To study personality, psychologists usually look at what are known as the Big 5 traits: extraversion, agreeableness, openness to experience, conscientiousness, and neuroticism. By looking at the similarities and differences between pairs of twins— some raised together and some raised apart— they’ve found that these psychological traits have heritabilities between 40-60%. That’s lower than something physical, like height or hair color, but it means that genetics still has a pretty big influence on people’s personalities.

So if you’re just as stubborn as your father, or just as motivated as your mother, that could be the genetic influence on those big five traits. But parents influence kids through more than just genetics. You learn a lot of your behavior and traits from the people who raise you, regardless of whether you’re biologically related to them.

That’s known as the influence of shared environment, and it can affect things like overall intelligence, how religious you are, your political leanings, and what kinds of career interests you have. General intelligence, for example, might be affected by how stimulating your child’s environment is. Things like having lots of reading material around and using complex sentences in conversation correlate with higher test scores.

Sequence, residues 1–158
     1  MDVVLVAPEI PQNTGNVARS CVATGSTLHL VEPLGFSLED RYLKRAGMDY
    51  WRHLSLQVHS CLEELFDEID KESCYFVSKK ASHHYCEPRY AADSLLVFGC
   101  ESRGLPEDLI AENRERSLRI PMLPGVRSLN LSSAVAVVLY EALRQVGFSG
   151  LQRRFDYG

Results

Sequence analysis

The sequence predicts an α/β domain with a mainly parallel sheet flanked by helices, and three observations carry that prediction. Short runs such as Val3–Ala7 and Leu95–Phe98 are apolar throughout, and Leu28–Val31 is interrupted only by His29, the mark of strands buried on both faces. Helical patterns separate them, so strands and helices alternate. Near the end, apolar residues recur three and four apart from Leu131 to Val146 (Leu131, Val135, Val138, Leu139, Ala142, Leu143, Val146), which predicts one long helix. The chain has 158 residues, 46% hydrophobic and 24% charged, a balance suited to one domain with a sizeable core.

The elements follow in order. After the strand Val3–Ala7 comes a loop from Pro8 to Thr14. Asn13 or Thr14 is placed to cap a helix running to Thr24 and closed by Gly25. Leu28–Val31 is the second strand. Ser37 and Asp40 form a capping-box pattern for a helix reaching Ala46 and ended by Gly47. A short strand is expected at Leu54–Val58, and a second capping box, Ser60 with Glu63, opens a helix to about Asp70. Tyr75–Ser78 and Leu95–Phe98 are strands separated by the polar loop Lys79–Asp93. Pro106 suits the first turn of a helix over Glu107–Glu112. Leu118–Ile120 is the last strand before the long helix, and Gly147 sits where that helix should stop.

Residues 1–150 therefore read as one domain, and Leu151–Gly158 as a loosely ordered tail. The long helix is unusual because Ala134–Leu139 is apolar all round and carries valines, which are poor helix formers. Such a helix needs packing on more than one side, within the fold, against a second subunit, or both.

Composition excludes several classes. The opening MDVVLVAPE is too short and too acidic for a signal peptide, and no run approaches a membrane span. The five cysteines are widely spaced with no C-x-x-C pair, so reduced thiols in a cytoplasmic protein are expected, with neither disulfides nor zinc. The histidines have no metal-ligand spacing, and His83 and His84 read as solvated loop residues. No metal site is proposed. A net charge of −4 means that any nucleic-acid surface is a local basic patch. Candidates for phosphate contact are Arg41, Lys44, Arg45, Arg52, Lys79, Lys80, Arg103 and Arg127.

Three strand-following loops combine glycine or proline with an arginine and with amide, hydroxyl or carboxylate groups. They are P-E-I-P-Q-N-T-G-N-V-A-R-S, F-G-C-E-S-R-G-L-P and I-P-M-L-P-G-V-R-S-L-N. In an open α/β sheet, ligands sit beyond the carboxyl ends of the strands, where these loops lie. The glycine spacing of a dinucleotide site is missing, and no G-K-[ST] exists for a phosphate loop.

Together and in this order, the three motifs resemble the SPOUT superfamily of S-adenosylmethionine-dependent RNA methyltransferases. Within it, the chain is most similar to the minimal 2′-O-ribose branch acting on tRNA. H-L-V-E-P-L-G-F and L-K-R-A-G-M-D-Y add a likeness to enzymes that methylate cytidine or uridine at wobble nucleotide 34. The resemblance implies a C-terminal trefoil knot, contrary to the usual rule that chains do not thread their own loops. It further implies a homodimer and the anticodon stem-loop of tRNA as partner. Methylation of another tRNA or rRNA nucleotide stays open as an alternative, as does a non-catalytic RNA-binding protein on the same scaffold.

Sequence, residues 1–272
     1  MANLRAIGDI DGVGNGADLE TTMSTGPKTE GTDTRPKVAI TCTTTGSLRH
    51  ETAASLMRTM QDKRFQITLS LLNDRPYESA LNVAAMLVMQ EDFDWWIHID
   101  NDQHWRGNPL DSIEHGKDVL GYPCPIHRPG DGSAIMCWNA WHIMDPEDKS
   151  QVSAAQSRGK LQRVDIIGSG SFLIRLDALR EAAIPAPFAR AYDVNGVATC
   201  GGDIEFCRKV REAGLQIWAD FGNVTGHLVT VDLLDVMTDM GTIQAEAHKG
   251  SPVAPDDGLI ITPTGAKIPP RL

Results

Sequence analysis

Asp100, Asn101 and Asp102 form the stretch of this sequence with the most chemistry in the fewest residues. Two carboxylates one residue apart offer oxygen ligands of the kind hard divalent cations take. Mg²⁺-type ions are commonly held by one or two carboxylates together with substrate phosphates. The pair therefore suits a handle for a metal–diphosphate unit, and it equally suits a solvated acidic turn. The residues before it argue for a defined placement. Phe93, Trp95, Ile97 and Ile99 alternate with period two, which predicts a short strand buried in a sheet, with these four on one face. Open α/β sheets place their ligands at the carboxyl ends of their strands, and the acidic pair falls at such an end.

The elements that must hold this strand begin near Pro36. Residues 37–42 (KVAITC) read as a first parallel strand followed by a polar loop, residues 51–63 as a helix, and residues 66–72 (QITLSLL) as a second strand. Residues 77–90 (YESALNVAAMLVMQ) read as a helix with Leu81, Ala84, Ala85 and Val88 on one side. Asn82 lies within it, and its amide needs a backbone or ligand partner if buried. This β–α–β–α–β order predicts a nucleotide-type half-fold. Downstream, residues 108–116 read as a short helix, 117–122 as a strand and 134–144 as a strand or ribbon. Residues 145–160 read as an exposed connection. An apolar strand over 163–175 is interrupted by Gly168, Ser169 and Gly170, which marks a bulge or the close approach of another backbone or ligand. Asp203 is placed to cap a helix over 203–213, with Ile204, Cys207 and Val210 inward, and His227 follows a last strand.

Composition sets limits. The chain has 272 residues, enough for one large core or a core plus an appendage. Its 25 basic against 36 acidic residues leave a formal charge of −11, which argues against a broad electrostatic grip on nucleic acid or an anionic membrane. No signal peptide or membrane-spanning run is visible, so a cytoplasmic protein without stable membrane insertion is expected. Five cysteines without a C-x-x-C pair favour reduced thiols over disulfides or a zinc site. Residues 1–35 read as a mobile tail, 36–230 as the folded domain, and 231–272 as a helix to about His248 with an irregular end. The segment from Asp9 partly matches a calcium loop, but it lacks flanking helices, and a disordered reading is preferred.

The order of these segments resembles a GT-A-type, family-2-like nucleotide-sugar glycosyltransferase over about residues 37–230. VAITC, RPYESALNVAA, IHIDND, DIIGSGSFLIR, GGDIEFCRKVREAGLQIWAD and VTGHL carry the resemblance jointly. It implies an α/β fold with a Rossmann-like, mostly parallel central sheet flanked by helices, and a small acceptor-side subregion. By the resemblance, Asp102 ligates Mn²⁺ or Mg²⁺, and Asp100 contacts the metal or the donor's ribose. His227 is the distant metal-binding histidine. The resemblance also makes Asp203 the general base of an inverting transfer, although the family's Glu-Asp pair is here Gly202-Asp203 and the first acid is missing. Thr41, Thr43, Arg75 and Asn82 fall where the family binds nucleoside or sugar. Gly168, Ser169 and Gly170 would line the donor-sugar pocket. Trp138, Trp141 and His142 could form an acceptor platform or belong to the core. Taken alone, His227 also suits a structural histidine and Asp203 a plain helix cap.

When it comes to what kinds of careers you’re interested in, both genetics and the shared environment seem to play a role— it’s about 36% genetics and 10% shared environment. The effects of a shared environment also tend to fade over time. So if you’re raised by someone other than your biological parents, you might be more like your caregivers when you’re younger, but become a bit more like your biological parents once you get older.

Genetics and a shared environment can explain a lot, but they almost never account for everything. There’s still plenty of room for individual variation and change in your attitudes and traits. There are also some things you just can't know about yourself until you become an adult ... like what kind of parent you'll be.

Research shows that people tend to adopt similar parenting styles to their own parents, like how much warmth they display or how strict they are when it comes to rules and chores. But waiting a while to have kids seems to reduce this effect. It's like older first-time parents have more opportunity to see other adults parent, which gives them more models for their own behavior.

So, there are lots of reasons you might be similar to your parents. But if there's anything you absolutely don't want to emulate, take heart that most of these influences max out at around 60%, even if you include the effects of a shared environment. Which means that the rest of the differences between people comes from other environmental factors … including what you choose for yourself.

You are your own person, and only you get to decide what that means. Thanks for watching this episode of SciShow Psych! If you are interested in learning more about the hidden connections between parents and their children, you can check out our video on whether trauma can be inherited. [OUTRO ♪].